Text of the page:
We have lost the Kiwi ideal of egalitarianism, maybe that was a myth in the fist place? An like with Jesus teaching its only when a child, usually our own comes into view do we realise the great cost of this change of narrative.
Jesus teaching about welcoming a child and that the least will be the greatest is helpful in addressing that new narrative of wealth creation. To see the least as the greatest is to see all people as important and equal. It is to see the basic needs of everyone as important and being willing to settle for less so that people can have at least some. It changes us from thinking about me, me, me to realising that as a community we have a responsibility to care for those who do not have. It changes our narrative back from property market to making room for people.
However, I also think that it is important that we realise that what we are seeing now is a worldwide issue. It is the fact that the western dream or expectation of successive generations being able to have a higher and higher standard of living is wrong and false. That the materialistic worldview is bankrupt and its time that we started looking for new narratives for life.
Christians should be involved in the housing debate. Calling for change and reform, speaking out about intensification and looking at alternative ways of getting people in to houses. But I also feel we need to challenge the very core of the idea of single family dwellings being as well.
Futurist Tom Sine wrote an interesting article in the book 'new monasticism as fresh expressions of Church' comments
"I am concerned that our one single family housing model in the West is not only unsustainable environmentally but economically as well- particularly for growing numbers of the middle class young. Unfortunately, few of those who work with university age young are informing them that many of them will be among the first of the post World War 2 generations whose lifestyles will not exceed that of their parents. Further, the young need to be informed that if they attempt to purchase houses like those they were raised in they will come ayt a very dear price, foreclosing other life options.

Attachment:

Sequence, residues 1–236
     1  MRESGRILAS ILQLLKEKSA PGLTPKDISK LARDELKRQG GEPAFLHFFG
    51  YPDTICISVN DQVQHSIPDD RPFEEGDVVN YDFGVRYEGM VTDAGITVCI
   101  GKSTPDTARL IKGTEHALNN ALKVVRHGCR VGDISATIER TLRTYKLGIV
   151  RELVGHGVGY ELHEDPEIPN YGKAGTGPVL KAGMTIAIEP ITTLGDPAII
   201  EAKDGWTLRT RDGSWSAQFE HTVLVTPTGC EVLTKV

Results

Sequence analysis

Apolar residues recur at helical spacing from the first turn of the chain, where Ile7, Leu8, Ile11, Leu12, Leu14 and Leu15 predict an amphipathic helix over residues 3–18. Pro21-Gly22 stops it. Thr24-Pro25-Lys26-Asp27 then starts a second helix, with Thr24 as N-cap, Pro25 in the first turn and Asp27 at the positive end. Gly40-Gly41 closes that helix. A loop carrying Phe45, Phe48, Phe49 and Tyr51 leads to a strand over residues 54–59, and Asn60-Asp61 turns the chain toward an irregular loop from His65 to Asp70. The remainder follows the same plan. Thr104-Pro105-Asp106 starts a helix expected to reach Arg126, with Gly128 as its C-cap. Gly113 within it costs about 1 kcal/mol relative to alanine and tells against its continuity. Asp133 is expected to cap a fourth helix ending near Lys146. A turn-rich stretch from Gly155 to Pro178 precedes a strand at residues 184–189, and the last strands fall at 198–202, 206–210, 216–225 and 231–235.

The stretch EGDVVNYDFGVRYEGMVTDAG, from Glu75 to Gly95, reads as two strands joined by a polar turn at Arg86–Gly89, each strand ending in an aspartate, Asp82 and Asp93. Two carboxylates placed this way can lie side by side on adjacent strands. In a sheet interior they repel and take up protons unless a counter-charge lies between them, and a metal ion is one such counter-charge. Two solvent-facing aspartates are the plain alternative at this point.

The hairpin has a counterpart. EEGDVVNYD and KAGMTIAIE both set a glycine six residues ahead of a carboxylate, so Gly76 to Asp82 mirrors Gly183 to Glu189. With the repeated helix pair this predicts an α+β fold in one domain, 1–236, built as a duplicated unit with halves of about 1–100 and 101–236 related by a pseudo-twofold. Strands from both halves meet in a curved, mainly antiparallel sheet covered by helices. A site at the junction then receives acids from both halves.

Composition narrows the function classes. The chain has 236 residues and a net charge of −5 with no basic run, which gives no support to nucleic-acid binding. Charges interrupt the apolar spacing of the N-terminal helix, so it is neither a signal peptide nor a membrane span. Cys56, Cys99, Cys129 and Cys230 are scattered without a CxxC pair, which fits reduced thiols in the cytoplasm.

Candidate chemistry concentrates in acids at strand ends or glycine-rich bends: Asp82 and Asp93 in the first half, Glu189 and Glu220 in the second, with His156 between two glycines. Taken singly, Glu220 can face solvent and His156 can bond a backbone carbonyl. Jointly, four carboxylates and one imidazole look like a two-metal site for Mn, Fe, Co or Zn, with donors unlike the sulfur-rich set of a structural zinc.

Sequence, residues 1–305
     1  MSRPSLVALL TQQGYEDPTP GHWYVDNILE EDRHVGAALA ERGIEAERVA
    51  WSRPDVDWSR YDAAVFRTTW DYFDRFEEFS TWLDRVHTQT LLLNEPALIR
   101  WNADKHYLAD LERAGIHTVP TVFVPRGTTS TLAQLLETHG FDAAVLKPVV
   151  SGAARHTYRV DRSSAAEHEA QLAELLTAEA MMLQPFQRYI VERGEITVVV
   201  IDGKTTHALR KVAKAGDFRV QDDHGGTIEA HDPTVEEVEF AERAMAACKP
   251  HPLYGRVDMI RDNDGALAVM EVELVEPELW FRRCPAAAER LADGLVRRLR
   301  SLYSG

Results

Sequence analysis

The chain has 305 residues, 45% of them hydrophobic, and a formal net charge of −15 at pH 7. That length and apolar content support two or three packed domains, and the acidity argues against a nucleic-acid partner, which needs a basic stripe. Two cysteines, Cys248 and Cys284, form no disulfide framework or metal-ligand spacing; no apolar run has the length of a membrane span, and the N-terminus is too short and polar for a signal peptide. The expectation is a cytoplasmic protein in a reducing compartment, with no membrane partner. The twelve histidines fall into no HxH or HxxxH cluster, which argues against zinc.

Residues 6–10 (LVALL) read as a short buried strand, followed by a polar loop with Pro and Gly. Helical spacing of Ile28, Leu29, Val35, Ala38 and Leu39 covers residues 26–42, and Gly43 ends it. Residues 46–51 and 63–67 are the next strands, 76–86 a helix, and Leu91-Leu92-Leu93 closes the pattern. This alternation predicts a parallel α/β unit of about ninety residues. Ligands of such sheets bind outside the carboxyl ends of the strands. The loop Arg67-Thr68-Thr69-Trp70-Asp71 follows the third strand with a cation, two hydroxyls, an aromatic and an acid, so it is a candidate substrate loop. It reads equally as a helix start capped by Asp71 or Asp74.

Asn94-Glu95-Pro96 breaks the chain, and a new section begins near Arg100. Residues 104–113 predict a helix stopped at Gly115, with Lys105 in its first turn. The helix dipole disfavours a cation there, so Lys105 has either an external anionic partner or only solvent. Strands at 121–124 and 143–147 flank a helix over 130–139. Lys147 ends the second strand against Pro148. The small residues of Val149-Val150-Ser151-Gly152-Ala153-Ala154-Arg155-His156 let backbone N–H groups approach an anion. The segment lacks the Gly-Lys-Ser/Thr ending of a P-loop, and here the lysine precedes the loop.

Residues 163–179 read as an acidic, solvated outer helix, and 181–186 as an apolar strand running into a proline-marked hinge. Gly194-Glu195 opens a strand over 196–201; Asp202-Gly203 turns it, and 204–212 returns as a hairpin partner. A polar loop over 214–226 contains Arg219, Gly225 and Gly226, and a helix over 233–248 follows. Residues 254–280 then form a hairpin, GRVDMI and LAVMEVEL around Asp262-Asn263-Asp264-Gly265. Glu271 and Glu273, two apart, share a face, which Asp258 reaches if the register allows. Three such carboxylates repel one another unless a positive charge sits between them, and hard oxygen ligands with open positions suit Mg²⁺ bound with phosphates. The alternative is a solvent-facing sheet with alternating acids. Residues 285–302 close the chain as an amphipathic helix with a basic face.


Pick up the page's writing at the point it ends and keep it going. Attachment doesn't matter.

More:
let me explain what has happened. few of us in the silent generation (born 1925-1945) spent much over 20 per cent of one income on rent or mortgages. Of course houses were smaller when we seniors started our lives but those same houses are not inexpensive today. Many of this generation will spend over 40 to 45 percent of two incomes for the purchase of a single family house....
....he comments that this is even higher if people wanted to buy an apartment in the central city...He continues.
"AS the Christian young launch their lives, wouldn't it make sense to make them aware of a broader array of options, including residential communities, which offer more sustainable lifestyles at a lss expensive price?"
I want my kids to be able to afford to live as their parents and grandparents have but also I am aware that as Christians we have become happy and domesticated in our materialistic western worldview and maybe as the narrative our society tells itself becomes less and less based on Christian values we need to encourage them to live a different narrative. I wonder if the idea of churches with communities attached like the old monastic movement isn't one possibility. Mixed housing for families and singles. sharing resources, committed to working in a certain locality or attached to a particular church. committed not to who is the greatest but raising the least ups to God....